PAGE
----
Thinking Allowed

A blog to detail my work at QU.

The Religion Game

Posted By admin on October 5, 2009

I have been mulling over a thought for the past two weeks after reading the excerpt from C.C. Abt’s Serious Games in which he writes about the origins of games. In it he mentions that “political and social situations can often be viewed as games” — including religion. Being raised Roman Catholic; I have never considered being Catholic a game. However, while digesting the readings in this module, I have come to realize that my faith has many game-like qualities.

The “Rule Book”

Let’s start with the huge book of rules called the Holy Bible which, for Catholics, contains not only the Hebrew scriptures of the Old Testament, but also the later writings of the New Testament (which for this paper I will call an upgrade of the game.) In the Holy Bible, we learn what we should and should not do in life, as well as the dire repercussions if we do not follow the instructions. Making it to the ultimate finish line for Catholics -Heaven- depends on how well you follow those rules throughout your life.

Let’s Start Again

Catholics can reset the “game” and restart at any point with the Sacrament of Penance, commonly called Confession. By confessing your sins, the “faithful can be freed from any sins” committed since the last Confession. In the paper “Welcome to the Experience Economy,” B. Joseph Pine II and James H. Gilmore talk about staging experiences that sell. They say that “Before a company can charge admission, it must design an experience that customers judge to be worth the price.” While Catholic Churches do not charge admission, they do take collections from parishioners which support the Church’s operations. You could consider that voluntary admission charges. Pine and Gilmore go on to say,”Experiences, like goods and services, have to meet a customers need, they have to work, and they have to be deliverable.” For the faithful, what experience is greater than forgiveness?

The Sacramental Levels

Catholics have seven sacraments, or ceremonies, which help them experience God’s presence. They are Baptism, Eucharist (or Communion), Penance, Confirmation, Marriage, Holy Orders, and the Anointing of the Sick.

Most Catholics won’t experience all of the seven sacraments. For instance, the Sacrament of Holy Orders is the “sacrament by which a man is made a bishop, priest, or a deacon, and thus dedicated to be an image of Christ.” One could argue that these sacraments are individual missions of this religious game which are achieved by being diligent, playing and learning the levels before it, and successfully completing each relevant Sacrament.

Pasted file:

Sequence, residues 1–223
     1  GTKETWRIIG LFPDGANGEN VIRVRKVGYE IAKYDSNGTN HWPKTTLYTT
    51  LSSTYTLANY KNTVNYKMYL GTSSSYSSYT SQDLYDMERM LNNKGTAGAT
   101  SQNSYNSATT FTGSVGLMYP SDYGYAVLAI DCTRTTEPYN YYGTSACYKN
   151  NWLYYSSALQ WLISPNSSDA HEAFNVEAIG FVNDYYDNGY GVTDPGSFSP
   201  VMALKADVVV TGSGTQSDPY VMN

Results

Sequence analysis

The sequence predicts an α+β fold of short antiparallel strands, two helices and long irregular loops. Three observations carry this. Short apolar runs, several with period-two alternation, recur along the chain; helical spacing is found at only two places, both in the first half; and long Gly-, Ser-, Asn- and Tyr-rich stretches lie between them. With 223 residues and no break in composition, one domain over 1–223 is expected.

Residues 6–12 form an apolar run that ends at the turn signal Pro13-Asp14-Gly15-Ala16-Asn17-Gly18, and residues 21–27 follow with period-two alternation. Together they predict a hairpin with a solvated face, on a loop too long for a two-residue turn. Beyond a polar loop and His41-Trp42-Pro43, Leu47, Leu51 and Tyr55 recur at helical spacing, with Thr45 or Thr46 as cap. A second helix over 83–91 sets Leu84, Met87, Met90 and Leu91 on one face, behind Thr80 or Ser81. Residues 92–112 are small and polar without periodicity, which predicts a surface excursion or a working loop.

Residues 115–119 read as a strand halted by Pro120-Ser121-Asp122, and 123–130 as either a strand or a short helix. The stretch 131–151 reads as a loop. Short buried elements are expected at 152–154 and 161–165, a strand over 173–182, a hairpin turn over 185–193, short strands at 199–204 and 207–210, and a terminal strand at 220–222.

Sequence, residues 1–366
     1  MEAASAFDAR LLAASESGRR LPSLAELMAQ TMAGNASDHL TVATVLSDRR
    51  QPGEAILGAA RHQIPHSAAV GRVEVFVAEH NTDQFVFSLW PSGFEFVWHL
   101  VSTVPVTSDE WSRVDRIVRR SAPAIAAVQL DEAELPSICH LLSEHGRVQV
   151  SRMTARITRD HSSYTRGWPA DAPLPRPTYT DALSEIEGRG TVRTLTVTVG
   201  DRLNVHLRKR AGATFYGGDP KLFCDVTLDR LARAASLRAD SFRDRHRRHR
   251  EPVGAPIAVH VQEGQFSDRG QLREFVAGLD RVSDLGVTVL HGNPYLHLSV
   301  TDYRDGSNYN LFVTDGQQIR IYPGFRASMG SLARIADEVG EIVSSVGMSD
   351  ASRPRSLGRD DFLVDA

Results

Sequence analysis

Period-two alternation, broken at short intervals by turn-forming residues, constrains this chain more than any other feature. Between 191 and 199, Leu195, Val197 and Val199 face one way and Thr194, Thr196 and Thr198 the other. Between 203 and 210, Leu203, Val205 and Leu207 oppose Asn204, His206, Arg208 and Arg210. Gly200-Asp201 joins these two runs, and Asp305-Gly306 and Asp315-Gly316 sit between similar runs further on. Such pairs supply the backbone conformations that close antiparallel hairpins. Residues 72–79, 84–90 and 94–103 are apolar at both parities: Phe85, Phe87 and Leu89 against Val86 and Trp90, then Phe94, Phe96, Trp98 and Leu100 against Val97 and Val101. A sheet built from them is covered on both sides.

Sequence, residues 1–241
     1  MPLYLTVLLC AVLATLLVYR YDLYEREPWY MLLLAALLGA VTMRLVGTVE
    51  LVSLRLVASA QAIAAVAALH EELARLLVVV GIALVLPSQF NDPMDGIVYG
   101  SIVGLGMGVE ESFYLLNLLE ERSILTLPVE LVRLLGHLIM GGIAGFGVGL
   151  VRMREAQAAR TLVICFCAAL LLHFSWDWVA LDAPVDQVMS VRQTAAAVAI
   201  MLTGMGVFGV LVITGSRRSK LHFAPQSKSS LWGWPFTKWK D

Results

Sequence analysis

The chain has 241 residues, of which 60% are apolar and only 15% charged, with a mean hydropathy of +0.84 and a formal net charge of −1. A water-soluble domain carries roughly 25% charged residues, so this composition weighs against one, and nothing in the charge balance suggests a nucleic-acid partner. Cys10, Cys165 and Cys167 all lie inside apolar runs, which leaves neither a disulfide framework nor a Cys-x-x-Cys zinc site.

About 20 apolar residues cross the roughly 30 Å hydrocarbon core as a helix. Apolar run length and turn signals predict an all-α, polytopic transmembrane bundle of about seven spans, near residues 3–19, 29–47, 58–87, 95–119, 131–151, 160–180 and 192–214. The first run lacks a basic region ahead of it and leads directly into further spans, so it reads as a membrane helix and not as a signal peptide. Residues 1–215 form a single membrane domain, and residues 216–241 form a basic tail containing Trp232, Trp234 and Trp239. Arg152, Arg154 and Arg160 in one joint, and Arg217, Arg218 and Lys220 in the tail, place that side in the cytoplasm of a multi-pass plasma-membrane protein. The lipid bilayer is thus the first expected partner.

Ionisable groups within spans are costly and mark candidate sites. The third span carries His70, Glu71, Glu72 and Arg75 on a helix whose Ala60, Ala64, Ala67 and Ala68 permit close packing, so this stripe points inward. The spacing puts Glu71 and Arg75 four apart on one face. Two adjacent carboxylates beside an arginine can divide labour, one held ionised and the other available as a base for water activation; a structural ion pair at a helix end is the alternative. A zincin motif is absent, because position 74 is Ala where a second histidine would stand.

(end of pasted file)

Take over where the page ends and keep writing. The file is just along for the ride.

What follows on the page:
The Most Important Game of All

One might say the choosing a Pope is one the greatest games of all. As Abt also stated in his book, “Every election is a game.” He goes on to say,”Whether these contest of politics, war, economics, and interpersonal relations are played with resources of power, skill, knowledge, or luck, they always have the common characteristics of reciprocal decisions among independent actors with at least partly conflicting objectives.” The Pope is chosen in an election by the Sacred College of Cardinals.

When Pope John Paul II died in 2005 the Sacred College of Cardinals convened at the Vatican. “Upon entering the Conclave, the cardinals must take an oath that they will follow the rules set down by the Pope and they will maintain absolute secrecy about the voting and deliberations,” according to

The Papal conclave of 2005 “began on April 18th and ended on the following day after four ballots.” The members elected Cardinal Joseph Ratzinger as Pope. Ratzinger chose the name Pope Benedict XVI.

The world knew the decision of the conclave by the color of smoke which rose from the chimney of the Sistine Chapel. “White smoke emerged in the afternoon but the fact that initially the bells of St. Peter’s Basilica did not ring left some uncertainty as to what this meant. Shortly after 6 p.m. Rome time, they did begin pealing, thus confirming that a new pope had been elected,” states. Most games have bells and whistles, Catholics have bells and white or black smoke.

So, while Catholicism may not be a person’s typical idea of a game, when you break out many of the elements of the religion you can see how they could be considered games unto themselves. However, the faithful will only find out if they “win” this game when they no longer can communicate the outcome to the living.

About The Author



Comments are closed.